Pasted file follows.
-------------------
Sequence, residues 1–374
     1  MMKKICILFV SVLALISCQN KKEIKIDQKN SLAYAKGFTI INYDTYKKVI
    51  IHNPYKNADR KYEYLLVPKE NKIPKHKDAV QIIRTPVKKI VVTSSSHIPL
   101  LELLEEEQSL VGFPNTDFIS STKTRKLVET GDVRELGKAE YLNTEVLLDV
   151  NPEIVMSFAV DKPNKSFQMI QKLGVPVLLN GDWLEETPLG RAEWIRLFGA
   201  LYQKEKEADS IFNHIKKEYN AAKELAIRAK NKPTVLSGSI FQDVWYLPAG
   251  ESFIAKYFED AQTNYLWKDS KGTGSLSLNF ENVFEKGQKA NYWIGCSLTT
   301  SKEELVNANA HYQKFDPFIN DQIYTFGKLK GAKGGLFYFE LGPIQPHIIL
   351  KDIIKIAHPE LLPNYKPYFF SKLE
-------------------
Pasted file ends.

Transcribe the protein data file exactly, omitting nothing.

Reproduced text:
Sequence, residues 1–374
     1  MMKKICILFV SVLALISCQN KKEIKIDQKN SLAYAKGFTI INYDTYKKVI
    51  IHNPYKNADR KYEYLLVPKE NKIPKHKDAV QIIRTPVKKI VVTSSSHIPL
   101  LELLEEEQSL VGFPNTDFIS STKTRKLVET GDVRELGKAE YLNTEVLLDV
   151  NPEIVMSFAV DKPNKSFQMI QKLGVPVLLN GDWLEETPLG RAEWIRLFGA
   201  LYQKEKEADS IFNHIKKEYN AAKELAIRAK NKPTVLSGSI FQDVWYLPAG
   251  ESFIAKYFED AQTNYLWKDS KGTGSLSLNF ENVFEKGQKA NYWIGCSLTT
   301  SKEELVNANA HYQKFDPFIN DQIYTFGKLK GAKGGLFYFE LGPIQPHIIL
   351  KDIIKIAHPE LLPNYKPYFF SKLE